Every summer, Denise Hale, San Francisco’s legendary arbiter of style and orchestrator of the social scene, throws a party for 20 or so of her best gentlemen friends. That’s not an invitation to be lightly refused and last weekend I found myself at Mrs Hale’s ranch, an 80,000 acre slice of Nirvana in Sonoma County, Northern California (80,000 acres by the way is pretty much everything you can see, as far as you can see it). The ‘H-E’ is a working cattle ranch and its recently acquired organic status has put an extra gleam in our hostess’ eye. The ranch house, a sprawling structure dating from 1950 is imbued with an undeniably European sensibility (Mrs. Hale was born in Belgrade and lived in Rome before arriving in San Francisco, via Beverly Hills). Outside, marble tables from Agra are laid with silver and set among hydrangeas that have been taught to droop gracefully ‘in the Chinese style’. “I’m a mess,” announces Ken Fulk, SF’s go-to interior designer, looking like Jay Gatsby on a Long Island lawn.

Mrs Hale enjoys high-powered company; if it is attentive, attractive and male, so much the better. Today, sporting a bracelet Mike Tyson couldn’t lift unaided – a gift from her late husband – she is in full bloom. After margaritas and champagne, a feast whipped up by master chef Gary Danko lasts until evening. The stars are out, the silence is enveloping. Gregory Lopez is pouring Tequila shots. Only the brave do a lap of the pool, knowing they will share it with at least one of Mrs Hale’s German Shepherds. Shoeless and feeling no pain I find my way back to my guest–house by flash-light, unperturbed by the mountain lion that stakes out the tennis court.

Of course Mrs Hale throws a swell party (she is a veteran of Capote’s black and white ball and every notable gathering you have and haven’t heard of since) but only an alchemist can turn the middle of nowhere into the centre of everything. All hail Mrs Hale!

Arles, Always.

The Rencontres, the largest international festival of photography in the world is reason enough to visit Arles this summer. If you are feeling adventurous, go during the Feria du Riz (early September), a rambunctious celebration marking the harvesting of the rice crop. Then too, there is the ghost of Van Gogh who produced 300 paintings the year he lived at the Yellow House (when you think of Arles, isn’t it his Café de Nuit that ravishes your mind’s eye?) and a dazzling tribute to Picasso by Christian Lacroix (a local son) at the Musée Réattu. Fiercely independent, Arles is one town in Southern France where you don’t need a degree in Russian to read a road sign or daydream at an estate agent’s window.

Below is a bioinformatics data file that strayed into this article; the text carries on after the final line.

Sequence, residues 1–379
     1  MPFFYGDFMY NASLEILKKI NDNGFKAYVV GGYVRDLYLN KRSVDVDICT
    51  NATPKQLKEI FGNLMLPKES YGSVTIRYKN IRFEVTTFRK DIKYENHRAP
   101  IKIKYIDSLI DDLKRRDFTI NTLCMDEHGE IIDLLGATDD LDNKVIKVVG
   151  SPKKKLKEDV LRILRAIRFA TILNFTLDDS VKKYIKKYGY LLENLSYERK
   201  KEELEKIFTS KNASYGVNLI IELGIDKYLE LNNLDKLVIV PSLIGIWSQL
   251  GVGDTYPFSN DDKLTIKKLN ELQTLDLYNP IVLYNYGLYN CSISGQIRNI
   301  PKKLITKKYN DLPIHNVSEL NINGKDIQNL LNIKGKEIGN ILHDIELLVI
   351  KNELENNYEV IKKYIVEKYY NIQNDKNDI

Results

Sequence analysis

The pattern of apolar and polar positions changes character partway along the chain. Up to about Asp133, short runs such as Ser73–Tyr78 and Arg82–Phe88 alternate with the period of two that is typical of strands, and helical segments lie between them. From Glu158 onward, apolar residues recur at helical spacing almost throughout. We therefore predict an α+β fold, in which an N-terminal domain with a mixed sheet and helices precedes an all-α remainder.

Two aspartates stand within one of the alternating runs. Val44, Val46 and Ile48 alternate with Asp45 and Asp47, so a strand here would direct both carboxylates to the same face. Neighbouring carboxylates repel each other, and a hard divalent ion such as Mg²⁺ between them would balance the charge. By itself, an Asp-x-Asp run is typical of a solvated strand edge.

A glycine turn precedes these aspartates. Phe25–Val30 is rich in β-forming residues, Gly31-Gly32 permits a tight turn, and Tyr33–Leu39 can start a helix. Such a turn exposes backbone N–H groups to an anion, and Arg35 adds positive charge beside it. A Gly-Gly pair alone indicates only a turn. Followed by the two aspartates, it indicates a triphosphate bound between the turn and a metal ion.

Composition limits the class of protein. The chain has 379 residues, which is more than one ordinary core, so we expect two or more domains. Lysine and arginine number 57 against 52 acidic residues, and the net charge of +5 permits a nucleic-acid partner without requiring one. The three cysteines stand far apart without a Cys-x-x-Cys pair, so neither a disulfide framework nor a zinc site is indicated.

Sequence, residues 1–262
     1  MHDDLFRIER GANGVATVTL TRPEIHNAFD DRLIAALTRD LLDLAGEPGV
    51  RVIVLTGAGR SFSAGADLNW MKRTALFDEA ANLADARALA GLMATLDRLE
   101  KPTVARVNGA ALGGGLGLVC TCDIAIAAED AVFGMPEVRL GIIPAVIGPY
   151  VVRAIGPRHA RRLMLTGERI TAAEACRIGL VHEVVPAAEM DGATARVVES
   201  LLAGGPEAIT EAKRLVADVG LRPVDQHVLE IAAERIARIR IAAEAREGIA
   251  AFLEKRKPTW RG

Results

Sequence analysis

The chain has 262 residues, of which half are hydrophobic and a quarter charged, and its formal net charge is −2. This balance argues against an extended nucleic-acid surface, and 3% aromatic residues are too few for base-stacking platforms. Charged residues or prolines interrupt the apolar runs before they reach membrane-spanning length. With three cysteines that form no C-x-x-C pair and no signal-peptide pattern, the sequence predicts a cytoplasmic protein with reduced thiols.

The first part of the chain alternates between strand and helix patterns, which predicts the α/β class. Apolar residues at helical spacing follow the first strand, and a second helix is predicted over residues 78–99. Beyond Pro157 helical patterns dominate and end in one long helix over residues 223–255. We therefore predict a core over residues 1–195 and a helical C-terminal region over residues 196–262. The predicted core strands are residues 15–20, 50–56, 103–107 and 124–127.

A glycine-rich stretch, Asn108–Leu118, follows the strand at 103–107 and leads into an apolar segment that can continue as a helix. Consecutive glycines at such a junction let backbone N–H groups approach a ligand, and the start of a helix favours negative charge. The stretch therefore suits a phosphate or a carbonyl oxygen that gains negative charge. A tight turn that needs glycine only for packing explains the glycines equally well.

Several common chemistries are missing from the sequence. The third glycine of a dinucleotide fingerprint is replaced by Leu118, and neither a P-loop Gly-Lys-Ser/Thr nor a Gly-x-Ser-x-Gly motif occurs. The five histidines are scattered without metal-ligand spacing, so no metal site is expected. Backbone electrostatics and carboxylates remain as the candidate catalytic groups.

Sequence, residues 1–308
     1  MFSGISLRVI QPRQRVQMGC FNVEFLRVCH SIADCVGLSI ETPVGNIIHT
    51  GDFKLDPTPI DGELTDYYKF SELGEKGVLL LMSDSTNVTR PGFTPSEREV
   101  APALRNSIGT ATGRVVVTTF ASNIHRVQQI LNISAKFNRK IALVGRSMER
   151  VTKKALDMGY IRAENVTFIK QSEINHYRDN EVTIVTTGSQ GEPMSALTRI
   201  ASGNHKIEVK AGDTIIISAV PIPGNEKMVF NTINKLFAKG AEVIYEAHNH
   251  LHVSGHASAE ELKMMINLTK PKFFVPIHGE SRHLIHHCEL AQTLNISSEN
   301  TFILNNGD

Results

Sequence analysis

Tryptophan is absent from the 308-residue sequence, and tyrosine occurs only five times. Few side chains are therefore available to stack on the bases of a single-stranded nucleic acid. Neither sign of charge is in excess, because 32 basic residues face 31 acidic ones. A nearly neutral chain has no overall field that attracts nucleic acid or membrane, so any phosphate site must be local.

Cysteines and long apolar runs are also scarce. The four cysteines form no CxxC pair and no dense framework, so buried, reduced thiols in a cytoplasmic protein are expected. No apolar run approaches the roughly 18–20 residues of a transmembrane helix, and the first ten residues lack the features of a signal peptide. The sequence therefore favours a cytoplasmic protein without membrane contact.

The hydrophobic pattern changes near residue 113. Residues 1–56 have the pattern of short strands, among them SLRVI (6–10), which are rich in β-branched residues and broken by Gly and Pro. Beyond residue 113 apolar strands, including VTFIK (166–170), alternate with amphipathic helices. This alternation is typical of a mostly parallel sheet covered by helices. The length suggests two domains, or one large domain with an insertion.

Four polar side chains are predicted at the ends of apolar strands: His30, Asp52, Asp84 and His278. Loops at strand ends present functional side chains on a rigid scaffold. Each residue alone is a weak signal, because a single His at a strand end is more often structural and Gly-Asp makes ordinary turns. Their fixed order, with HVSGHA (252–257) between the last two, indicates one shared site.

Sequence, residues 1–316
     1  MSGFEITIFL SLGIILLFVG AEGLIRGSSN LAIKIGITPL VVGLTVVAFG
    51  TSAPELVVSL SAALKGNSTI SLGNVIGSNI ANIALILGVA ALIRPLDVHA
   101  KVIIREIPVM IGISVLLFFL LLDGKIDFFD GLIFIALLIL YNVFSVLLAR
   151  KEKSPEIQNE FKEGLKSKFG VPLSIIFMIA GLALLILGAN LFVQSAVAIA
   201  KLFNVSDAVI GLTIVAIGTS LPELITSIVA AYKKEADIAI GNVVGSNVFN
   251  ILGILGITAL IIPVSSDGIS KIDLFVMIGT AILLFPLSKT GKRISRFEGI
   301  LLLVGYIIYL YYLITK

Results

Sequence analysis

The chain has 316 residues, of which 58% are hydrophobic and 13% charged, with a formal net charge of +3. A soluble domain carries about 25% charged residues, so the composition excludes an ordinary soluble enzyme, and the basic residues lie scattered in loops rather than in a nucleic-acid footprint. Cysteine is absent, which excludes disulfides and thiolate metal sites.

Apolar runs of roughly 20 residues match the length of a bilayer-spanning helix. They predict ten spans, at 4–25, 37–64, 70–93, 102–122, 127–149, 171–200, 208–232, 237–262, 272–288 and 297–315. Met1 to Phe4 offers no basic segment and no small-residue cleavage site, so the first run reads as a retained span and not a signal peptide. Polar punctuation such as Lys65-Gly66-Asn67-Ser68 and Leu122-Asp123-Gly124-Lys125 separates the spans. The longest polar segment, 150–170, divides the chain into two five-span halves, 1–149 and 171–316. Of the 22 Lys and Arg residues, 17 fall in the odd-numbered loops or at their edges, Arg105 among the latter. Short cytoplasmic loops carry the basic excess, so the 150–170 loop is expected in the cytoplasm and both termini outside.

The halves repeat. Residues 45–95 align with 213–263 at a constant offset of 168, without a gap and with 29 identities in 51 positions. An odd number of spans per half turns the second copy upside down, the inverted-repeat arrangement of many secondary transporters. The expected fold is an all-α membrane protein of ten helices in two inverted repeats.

Best of all is the chance to stay at the Grand Hôtel Nord-Pinus. Standing sentinel in the Place du Forum, this is a hotel that wears its legend lightly. In the 50s and 60s it paid host to Picasso and Cocteau, to Callas and Chaplin, to Huston and Hemingway before drifting into a melancholy decline. It was rescued a decade or so ago by the current proprietor, Anne Igou, who has orchestrated a sublime transformation. For Mme Igou has an artist’s eye and a collector’s instinct. Everything, from the museum quality photography by Peter Beard and Peter Lindbergh to the Berber rugs and 30s armchairs is pitch perfect but thankfully not too perfect. It is a hotel for travellers, for romantics and for Nomads de Luxe, and is a glorious rebuke to corporate greige and TripAdvisor bores. It is, in other words, an Hôtel de Rêve.

David Downton - Life in Venice


I’m not saying I’m a republican, but I made a bid for freedom over the recent Jubilee festivities and flew to Venice with the firm intention of ‘doing some painting’. Arriving in a thunderstorm with a sky the colour of squid ink and the lagoon an opaque green marble prompted a rethink and a long lunch. The next day’s sun and light breeze might have been ideal for working ‘en plein air’, but by then I had a list of exhibitions to see; Picasso’s Vollard etchings, Klimt’s darkly glittering portraits and sketches, and an homage to Diana Vreeland at the magnificently melancholy Palazzo Fortuny. Culture needs considering, so afterwards I headed to Harry’s Bar, via the Caffé Florian, to take stock. More displacement activity followed; you can’t go to Venice without visiting the Peggy Guggenheim collection. Her Palazzo Venier dei Leoni on the Grand Canal houses the self-confessed art addict’s 20th century master works. I am no fan of her long-term paramour Max Ernst, but the Motherwell, the Klee, the Picasso and the Henry Moore in the sculpture garden are their own reward. So it continued and by the end of my stay I still hadn’t put pen to paper. Instead, I turned to the late artist Glynn Boyd Harte’s beguiling book on Venice which encapsulates everything I had intended to do, better than I could ever do it.